Recognition that low-paid workers are increasingly finding it difficult to meet living costs is making national news following Ed Miliband’s speech to Labour’s annual conference in Manchester last week.
Mr Miliband, MP, leader of the Labour Party, made a commitment to help working adults cope with rising living costs by zoning-in on low paid workers in his speech. He even promised that his first national goal as Prime Minister would be to halve the number of people in low pay by 2025 and raise the minimum wage by £1.50 an hour to over £8.00 by 2020. Whether the Labour party keeps its promises remains to be seen.
Research published last year by the Joseph Rowntree Foundation (JRF) found that low-paid workers across the board hit a brick wall when it comes to work-place training, educational opportunities, promotion and pay rises. But even more concerning are BAME (Black, Asian and Minority Ethnic) low-paid workers who are much more likely to find themselves trapped in poverty with no way out compared to low-paid workers generally.
According to its groundbreaking report looking at in-work poverty within BAME communities, there is an alarming number of BAME low-paid workers struggling to buy food or even pay essential bills. Many have to supplement their income from a full time job with overtime or part-time work for another organisation and in some cases work six or seven days a week just to make ends meet.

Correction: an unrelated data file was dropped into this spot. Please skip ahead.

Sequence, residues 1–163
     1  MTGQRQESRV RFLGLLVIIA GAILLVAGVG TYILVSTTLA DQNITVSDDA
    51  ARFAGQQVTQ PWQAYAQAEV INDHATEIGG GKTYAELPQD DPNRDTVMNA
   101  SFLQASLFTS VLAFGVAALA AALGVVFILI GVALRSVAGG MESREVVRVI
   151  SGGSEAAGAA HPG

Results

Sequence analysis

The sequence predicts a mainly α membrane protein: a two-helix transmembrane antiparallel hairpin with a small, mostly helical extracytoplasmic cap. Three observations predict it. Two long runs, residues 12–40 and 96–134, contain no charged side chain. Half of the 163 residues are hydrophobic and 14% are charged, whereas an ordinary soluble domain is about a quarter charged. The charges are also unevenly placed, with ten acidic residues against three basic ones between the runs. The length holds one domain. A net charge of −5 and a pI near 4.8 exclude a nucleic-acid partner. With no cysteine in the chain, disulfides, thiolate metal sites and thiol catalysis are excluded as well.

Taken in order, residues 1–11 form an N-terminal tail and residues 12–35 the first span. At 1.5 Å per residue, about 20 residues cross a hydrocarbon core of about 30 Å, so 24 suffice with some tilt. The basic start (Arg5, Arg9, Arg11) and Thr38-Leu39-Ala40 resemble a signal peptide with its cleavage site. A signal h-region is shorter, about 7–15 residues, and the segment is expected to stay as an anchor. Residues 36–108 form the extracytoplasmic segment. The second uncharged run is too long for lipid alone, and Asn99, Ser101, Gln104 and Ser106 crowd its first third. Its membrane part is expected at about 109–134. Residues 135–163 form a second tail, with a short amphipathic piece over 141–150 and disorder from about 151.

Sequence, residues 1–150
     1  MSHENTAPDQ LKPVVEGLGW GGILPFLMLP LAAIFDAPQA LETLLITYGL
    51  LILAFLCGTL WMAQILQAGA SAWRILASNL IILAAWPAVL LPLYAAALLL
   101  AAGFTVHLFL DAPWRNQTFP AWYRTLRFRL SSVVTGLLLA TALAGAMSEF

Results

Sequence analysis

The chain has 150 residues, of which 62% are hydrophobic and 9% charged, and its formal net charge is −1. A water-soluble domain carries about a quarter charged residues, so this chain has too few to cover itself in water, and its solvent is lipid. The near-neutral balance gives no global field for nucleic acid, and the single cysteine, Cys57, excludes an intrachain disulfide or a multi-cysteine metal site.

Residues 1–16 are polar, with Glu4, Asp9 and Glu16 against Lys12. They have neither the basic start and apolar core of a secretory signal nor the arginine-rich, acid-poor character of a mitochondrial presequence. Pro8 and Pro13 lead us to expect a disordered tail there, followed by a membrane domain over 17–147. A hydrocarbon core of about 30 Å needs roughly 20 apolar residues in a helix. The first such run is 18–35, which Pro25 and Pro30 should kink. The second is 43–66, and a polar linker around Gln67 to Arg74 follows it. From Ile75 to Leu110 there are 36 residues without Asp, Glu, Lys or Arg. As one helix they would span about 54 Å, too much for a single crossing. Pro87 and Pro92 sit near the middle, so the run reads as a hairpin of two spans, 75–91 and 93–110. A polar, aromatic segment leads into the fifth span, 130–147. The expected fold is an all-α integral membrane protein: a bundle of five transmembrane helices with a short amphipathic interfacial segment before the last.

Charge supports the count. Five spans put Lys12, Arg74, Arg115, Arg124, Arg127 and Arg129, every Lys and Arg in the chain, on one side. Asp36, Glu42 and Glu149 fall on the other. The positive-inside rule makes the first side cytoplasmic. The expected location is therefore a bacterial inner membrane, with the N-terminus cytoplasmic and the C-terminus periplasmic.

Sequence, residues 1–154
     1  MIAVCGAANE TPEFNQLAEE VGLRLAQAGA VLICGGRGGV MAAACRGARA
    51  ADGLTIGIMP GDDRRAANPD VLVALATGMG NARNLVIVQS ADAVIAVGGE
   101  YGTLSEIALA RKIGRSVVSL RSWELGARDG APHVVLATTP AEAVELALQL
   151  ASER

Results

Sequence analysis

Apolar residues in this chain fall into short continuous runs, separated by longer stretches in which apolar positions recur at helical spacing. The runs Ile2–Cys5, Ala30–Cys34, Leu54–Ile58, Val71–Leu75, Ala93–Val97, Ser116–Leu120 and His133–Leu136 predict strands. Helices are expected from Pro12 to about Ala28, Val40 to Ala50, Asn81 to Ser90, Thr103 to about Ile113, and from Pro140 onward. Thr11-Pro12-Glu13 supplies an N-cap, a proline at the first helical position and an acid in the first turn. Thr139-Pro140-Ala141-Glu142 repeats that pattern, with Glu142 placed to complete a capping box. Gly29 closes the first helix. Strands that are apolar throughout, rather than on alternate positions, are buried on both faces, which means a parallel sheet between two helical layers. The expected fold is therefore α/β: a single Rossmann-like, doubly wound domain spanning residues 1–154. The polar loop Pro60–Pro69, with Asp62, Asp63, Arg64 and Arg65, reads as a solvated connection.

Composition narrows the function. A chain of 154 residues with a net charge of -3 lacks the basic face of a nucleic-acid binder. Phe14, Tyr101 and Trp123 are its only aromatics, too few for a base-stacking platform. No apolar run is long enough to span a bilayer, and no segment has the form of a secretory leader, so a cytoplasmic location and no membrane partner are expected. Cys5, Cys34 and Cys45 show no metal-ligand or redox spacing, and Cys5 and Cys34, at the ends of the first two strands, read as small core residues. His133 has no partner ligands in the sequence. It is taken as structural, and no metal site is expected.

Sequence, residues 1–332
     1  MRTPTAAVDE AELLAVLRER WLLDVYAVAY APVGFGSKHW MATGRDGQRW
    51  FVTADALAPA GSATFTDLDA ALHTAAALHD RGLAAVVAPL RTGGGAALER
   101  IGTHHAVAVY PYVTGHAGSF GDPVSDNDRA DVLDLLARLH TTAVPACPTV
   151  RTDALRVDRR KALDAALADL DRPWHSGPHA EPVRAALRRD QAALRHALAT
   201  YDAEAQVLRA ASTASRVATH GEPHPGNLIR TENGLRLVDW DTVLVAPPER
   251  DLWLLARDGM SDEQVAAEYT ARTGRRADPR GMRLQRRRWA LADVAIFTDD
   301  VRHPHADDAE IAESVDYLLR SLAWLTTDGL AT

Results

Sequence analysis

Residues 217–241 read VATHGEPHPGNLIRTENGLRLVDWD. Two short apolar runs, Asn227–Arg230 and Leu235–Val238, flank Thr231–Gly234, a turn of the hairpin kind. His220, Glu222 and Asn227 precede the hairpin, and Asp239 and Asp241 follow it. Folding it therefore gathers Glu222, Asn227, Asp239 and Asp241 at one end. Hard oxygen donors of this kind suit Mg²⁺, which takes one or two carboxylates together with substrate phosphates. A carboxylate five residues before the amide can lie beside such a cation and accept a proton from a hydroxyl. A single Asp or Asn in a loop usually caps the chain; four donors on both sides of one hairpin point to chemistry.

Gina Netto, one of the principal research investigators for the report, told me: “BAME low-paid workers were more likely to report that they were being unfairly treated and under-valued by their employers than other workers. Employers need to be aware of the potential for workplace cultures to undermine the implementation of equal opportunities policies making it more difficult for BAME workers to progress to better paid work.”
In-work poverty is defined as those experienced by working families whose employment does not lift them out of poverty. According to the latest annual survey of poverty trends, published last year by the JRF, there were 6.7 million people in 2011/12 who can be classified as in-work poverty and 5 million people in 2012 who were paid below the minimum wage. With today’s rising food costs combined with energy price rises and council tax increases, low paid workers in the UK face greater challenges now than they have for decades.
Sawsan Lucina, 34, is a French national with a North African background. She has been working in catering in London for just over four years on a zero-hour contract which means she only works when there are shifts available. Sawsan earns £7.00 an hour but is not guaranteed work every day.
“It’s very difficult to live on my wages – you have to make sacrifices all the time. I don’t travel by tube to work because that is a luxury, I either get the bus or cycle because it is cheaper.
I can’t really save any money because my monthly pay is not very much after I have paid my rent and I can’t go out socialising very often because it is too expensive. I am always very conscious of how much things cost like food and clothes.”